Tuesday, 28 June 2011

The Making of a Champion

Born in Kingston Upon Hull in 1848, Samuel Ainsworth Perry’s family ‘s origins were in Stockport. He was one of 9 children to John Perry and Mary Ainsworth. Samuel’s family  lived in Hull for some time before returning to Cheshire.
Soon after returning to Cheshire , Samuel and wife Annie had children of their own, including Samuel junior. With Samuel juniors parents being employed as  Cotton Operatives  in  local Cotton Mills , the family stayed in the Stockport area for several generations and at the turn of  the  century, Samuel junior married Hannah Birch.
It was Hannah Birch who bore Britain’s greatest Tennis champion; Fred Perry.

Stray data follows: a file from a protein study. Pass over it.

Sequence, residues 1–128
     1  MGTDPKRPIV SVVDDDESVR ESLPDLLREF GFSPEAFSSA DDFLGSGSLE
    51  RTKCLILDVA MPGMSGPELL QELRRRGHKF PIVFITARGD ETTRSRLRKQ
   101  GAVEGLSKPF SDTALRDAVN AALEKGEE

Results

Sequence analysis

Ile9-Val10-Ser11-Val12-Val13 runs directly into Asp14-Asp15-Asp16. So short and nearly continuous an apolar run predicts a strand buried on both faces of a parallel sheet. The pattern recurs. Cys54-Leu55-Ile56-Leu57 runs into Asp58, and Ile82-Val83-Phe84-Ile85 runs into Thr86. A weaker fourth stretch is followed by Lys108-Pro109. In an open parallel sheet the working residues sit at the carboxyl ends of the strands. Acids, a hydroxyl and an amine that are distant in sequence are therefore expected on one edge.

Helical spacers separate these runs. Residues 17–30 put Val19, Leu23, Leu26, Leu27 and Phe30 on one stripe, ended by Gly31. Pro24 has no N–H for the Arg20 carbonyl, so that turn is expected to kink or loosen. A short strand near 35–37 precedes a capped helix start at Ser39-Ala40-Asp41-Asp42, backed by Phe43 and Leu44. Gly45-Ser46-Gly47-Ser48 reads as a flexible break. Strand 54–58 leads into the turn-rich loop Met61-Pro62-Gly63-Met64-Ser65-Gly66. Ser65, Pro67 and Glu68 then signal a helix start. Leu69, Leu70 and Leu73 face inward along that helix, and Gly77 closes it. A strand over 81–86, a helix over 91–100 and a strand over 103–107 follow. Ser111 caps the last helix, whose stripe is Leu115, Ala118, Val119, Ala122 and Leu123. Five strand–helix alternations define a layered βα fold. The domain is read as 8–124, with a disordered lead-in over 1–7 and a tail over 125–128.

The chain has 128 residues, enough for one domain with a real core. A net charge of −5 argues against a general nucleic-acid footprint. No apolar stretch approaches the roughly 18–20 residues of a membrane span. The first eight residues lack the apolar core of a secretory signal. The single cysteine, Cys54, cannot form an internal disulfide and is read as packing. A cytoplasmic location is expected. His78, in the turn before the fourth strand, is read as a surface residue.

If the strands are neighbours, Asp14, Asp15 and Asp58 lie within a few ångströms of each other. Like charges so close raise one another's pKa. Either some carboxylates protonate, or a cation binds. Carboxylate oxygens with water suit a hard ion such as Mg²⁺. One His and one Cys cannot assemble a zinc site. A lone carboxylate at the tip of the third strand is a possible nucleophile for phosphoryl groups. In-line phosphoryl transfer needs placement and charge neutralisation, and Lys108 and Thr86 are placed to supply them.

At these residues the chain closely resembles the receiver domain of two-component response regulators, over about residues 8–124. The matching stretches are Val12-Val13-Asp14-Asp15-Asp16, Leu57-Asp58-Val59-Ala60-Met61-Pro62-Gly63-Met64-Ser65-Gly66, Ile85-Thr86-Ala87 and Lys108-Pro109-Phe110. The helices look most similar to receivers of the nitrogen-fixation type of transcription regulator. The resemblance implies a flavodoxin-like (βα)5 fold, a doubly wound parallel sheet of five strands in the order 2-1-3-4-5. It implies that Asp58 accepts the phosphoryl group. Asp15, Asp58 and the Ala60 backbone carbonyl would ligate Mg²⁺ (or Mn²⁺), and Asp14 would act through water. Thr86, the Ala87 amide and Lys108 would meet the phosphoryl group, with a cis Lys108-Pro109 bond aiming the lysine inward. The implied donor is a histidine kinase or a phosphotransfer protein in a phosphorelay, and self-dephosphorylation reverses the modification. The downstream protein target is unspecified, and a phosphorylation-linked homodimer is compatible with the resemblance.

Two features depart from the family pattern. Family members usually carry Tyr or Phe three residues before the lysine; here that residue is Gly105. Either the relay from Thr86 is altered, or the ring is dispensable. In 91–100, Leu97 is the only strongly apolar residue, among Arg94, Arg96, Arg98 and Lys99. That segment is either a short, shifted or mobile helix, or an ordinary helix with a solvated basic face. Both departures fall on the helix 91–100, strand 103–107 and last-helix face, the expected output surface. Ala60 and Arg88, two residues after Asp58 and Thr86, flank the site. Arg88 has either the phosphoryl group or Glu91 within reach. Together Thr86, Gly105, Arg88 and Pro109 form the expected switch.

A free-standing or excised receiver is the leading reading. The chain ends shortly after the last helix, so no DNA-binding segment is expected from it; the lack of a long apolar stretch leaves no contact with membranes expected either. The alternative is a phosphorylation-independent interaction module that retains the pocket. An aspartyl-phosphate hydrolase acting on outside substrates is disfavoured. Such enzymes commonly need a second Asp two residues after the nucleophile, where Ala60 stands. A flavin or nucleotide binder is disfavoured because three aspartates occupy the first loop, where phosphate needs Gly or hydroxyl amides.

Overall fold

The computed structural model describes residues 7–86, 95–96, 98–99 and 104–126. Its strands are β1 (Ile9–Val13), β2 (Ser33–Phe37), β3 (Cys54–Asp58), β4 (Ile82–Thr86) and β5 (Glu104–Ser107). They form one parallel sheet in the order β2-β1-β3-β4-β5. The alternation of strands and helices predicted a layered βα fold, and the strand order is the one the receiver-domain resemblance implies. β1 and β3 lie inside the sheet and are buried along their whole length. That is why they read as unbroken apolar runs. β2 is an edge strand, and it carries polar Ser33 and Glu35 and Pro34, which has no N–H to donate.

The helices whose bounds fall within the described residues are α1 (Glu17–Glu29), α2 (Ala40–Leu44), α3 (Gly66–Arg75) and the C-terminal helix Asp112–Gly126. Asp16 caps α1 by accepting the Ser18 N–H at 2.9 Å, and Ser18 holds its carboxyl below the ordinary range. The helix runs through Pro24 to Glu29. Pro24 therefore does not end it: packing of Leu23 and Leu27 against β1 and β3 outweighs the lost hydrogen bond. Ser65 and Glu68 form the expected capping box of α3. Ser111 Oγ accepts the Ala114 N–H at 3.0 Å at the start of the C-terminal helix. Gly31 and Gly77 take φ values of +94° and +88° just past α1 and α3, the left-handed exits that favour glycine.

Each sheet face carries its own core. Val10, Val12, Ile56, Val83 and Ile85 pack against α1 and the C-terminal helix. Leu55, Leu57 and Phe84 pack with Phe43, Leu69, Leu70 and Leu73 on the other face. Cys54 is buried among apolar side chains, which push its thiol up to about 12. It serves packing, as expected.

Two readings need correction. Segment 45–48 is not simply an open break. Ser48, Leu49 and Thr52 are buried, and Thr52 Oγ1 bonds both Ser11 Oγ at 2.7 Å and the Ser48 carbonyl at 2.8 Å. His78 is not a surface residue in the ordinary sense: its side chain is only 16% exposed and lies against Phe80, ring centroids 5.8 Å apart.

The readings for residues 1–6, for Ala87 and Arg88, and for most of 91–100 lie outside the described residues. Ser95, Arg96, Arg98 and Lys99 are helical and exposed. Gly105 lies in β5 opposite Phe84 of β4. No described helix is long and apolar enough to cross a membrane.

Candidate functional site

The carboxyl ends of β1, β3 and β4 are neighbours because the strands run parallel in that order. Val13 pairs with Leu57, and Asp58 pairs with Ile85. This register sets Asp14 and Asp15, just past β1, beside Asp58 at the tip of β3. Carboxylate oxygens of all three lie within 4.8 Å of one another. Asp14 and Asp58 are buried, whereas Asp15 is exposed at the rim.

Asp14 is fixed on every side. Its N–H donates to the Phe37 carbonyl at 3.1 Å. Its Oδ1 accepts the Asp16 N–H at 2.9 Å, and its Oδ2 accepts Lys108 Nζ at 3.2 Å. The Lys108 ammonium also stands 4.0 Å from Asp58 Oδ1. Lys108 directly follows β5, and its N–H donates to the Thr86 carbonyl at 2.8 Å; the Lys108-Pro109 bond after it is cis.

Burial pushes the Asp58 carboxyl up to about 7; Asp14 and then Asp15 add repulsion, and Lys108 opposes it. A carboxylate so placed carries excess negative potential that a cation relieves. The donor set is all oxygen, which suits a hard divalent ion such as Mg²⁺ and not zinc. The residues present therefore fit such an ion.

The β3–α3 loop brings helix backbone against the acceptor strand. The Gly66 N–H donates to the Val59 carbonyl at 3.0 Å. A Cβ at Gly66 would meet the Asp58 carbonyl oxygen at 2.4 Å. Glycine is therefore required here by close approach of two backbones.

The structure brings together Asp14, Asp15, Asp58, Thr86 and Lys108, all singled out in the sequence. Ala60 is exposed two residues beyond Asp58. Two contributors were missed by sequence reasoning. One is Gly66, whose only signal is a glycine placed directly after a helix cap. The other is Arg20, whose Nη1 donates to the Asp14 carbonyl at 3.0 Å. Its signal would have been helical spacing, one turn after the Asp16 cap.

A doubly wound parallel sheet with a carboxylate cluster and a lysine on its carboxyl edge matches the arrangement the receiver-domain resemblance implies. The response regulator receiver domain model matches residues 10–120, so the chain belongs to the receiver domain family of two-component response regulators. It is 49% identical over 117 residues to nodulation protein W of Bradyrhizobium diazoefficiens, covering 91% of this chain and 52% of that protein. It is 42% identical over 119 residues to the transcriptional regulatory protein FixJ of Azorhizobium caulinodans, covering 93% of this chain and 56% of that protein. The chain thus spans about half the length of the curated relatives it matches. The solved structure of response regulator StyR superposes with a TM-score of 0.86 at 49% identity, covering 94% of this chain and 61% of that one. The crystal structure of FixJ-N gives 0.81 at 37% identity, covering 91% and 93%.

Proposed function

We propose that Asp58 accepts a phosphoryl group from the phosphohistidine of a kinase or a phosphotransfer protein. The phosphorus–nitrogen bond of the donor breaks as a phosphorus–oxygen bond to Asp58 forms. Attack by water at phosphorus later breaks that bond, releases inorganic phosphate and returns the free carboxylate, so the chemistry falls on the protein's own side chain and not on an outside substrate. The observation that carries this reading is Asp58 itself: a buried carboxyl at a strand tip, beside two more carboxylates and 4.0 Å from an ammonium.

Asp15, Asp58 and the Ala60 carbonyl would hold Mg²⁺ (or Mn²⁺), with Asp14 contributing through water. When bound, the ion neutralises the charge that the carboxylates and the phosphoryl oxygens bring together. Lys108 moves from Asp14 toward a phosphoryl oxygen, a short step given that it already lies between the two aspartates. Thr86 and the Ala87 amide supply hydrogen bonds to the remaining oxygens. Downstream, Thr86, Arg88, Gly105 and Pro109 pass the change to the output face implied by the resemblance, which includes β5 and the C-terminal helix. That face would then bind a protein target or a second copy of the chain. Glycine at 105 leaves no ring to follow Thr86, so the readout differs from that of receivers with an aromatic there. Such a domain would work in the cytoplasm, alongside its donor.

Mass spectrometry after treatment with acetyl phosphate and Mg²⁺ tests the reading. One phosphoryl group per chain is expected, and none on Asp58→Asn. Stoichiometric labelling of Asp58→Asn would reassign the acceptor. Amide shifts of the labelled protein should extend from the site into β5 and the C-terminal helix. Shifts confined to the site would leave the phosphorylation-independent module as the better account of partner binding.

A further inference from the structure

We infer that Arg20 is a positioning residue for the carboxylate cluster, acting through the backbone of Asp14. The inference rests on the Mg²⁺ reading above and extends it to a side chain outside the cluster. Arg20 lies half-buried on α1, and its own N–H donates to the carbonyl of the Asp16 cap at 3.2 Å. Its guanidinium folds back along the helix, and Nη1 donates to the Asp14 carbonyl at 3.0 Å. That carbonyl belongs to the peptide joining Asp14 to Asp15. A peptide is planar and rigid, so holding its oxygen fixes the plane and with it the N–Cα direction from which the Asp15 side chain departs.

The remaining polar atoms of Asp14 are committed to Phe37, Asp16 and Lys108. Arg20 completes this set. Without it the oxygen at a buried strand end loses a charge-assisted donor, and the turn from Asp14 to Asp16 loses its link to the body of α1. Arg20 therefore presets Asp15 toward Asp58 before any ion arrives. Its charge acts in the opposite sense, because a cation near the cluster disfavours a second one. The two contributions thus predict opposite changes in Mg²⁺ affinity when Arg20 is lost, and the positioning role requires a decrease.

Frederick John Perry (18 May 1909 – 2 February 1995) was a championship-winning English tennis and table tennis player who won 10 Majors including eight Grand Slams and two Pro Slams. Perry won three consecutive Wimbledon Championships between 1934 and 1936 and was World No. 1 four years in a row. Perry also became the last British player to win the men's Wimbledon championship in 1936
One of the UK’s best l known cotton sports shirts,  an idea originating in the  Victorian Cotton Mills was developed by Fred Perry in the 1940’s, it’s emblem , the laurel wreath being based on the emblem of Wimbledon and it’s woven cotton symbolic of Fred’s origins.

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